Here's why Save B.C. Bears is demanding tighter provincial regulations on trophy hunting
Chelsea Turner, a wildlife film maker, who grew up around bears in BC is at the forefront of the campaign to put an end to bear hunting in the province. CBC reports that dozens gathered on Friday in front of the B.C. legislature as part of a "Save B.C. Bears" rally to demand lawmakers put an end to trophy hunting of bears.
“They (bears) have always been a part of my life. So it was very upsetting for me that they could be hunted down by the trophy hunters,” Turner told the Vancouver Observer.
In Nov 2013, the Ministry of Natural Resources announced a plan to expand trophy hunting in BC to larger regions.
“I was very disturbed when I heard the news that the government - instead of putting a moratorium banning the hunt - is expanding the trophy hunting of bears,” added Turner.
A study published by a panel of scientists from University of Victoria and Simon Fraser University looked at the number of grizzly bears killed between 2000 and 2011 and compared the numbers to government data. They found that during those 10 years a total number of 3,500 bears were killed, including more than 1,200 female bears.
According to Turner the numbers are quite startling because hunting male bears is legal in the province. Hunters are encouraged to target males. But too often female bears are killed including mothers that have cubs. It is important to know that grizzly bears have the longest reproduction cycle of land mammals in North America.
Another fact highlighted in the study was a huge over-kill of grizzly bears. The number of bears hunted greatly exceeds the government limits in every single area of the province. The bears were over hunted between two per cent and 171 per cent.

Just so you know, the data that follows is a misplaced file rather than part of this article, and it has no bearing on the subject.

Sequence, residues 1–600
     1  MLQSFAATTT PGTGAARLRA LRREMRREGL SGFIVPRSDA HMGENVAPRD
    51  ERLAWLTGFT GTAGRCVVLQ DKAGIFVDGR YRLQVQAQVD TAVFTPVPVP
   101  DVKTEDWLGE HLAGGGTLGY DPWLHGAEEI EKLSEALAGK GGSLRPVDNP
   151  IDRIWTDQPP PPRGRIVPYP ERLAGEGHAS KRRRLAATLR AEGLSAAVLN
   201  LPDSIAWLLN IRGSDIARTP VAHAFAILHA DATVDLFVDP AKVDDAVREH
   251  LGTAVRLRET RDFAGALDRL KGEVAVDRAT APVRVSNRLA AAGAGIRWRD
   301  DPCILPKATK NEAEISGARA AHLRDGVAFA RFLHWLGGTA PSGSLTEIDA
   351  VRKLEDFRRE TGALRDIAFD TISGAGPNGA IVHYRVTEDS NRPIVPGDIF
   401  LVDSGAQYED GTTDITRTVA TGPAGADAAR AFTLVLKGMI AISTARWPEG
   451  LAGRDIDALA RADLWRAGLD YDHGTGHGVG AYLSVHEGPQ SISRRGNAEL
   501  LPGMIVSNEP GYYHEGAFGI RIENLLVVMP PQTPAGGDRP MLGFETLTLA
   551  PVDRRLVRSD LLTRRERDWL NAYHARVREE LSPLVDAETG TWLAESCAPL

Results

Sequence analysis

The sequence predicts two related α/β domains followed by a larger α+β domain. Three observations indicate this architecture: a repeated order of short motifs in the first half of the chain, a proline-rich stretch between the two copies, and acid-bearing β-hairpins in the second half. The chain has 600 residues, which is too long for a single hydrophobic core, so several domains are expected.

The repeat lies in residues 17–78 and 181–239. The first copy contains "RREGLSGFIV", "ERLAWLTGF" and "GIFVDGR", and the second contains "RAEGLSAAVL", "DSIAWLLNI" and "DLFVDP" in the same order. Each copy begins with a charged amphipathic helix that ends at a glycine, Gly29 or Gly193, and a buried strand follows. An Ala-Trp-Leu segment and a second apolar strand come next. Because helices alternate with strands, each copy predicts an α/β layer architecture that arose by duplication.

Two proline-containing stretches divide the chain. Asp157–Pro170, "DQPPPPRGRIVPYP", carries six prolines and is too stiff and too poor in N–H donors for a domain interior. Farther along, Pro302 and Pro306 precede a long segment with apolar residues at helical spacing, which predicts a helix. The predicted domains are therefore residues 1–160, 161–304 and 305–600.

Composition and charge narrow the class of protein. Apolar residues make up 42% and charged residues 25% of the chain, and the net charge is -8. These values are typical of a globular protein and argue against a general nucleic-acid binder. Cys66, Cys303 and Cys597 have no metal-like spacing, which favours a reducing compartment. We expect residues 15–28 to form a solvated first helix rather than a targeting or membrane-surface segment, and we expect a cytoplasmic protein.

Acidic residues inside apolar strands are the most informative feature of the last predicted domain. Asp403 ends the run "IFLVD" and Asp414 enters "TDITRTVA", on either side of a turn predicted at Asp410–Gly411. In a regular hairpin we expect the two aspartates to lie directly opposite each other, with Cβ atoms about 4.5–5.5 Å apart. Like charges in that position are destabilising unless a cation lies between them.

The government has not reacted with much apparent concern about the 300 to 400 bears hunted every season.
“We don’t have a confirmed data on how many bears actually are there in the province. Only 15 per cent of the province has had bear population study conducted so we don’t know what effect does removing 300 or 400 bears every year will have on the future population, it is a huge cause for concern,” said Turner.
The government reports an estimated 15000 grizzly bears in the province, but since the surveys have only been conducted in 15 per cent of the province, this population estimate on population of bears could be quite inaccurate.
The recent poll conducted by Insights West found that 88 per cent of the British Columbians oppose trophy hunting, which clearly shows how deeply unpopular the practice is among the local populace.
A report published by the Centre for Responsible Tourism (CREST) in collaboration with Stanford University highlighted the importance of bear viewing in the Great Bear Rainforest.
They found that it generated 12 times more revenue than hunting and 11 times more direct revenue to the province. An economy that could be more profitable if expanded, but the trophy hunting surely seems to be getting in the way of that.
Grizzly bears are not endangered, but they are on the "blue list" in B.C. Blue-listed elements are "at risk", and if the regulatory vacuum is not stepped into they could one day become endangered, fears Turner.